A number of families of political detainees demanded they be allowed to visit their loved ones after two months of a ban put in place to mitigate the coronavirus. The government has reduced precautionary measures, curfew hours, and allowed shops to operate throughout the week, but it has not allowed prison visits.
Egyptian journalist Ekram Youssef, the mother of former parliamentary member, the detainee Ziad al-Alimi, demanded that visits be allowed so she could see her son. Political activist Mona Seif, sister of Alaa Abdel-Fattah, also announced that she had gone on a hunger strike for 24 hours in solidarity with her brother, who has been on hunger strike for 12 days, because she knows nothing about him except that he is on hunger strike.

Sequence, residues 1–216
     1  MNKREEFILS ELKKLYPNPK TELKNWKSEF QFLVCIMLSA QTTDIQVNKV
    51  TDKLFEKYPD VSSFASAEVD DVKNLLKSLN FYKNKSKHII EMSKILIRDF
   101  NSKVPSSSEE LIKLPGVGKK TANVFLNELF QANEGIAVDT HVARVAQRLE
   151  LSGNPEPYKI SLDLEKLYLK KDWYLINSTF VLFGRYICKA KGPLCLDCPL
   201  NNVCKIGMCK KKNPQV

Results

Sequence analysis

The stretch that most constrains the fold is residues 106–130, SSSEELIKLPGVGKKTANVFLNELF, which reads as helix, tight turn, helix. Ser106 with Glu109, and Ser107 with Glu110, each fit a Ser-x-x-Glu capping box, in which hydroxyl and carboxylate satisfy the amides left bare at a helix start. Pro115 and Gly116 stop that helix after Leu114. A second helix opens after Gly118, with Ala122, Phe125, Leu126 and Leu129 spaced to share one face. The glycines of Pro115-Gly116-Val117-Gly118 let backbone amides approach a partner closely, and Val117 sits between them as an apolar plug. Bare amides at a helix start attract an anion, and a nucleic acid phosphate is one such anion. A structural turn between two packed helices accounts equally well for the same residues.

Detainees in Egypt are subjected to harsh and inhuman conditions of detention, where tens of thousands are crowded into narrow cells, deprived from exposure to sunlight, share personal hygiene tools, as well as cells with poor ventilation. The lack of adequate health care makes Egypt’s prisons fertile ground for spawning a coronavirus outbreak.
Several human rights organisations in Egypt have called for the immediate release of political detainees and prisoners for fear of an outbreak of the corona epidemic within Egyptian prisons.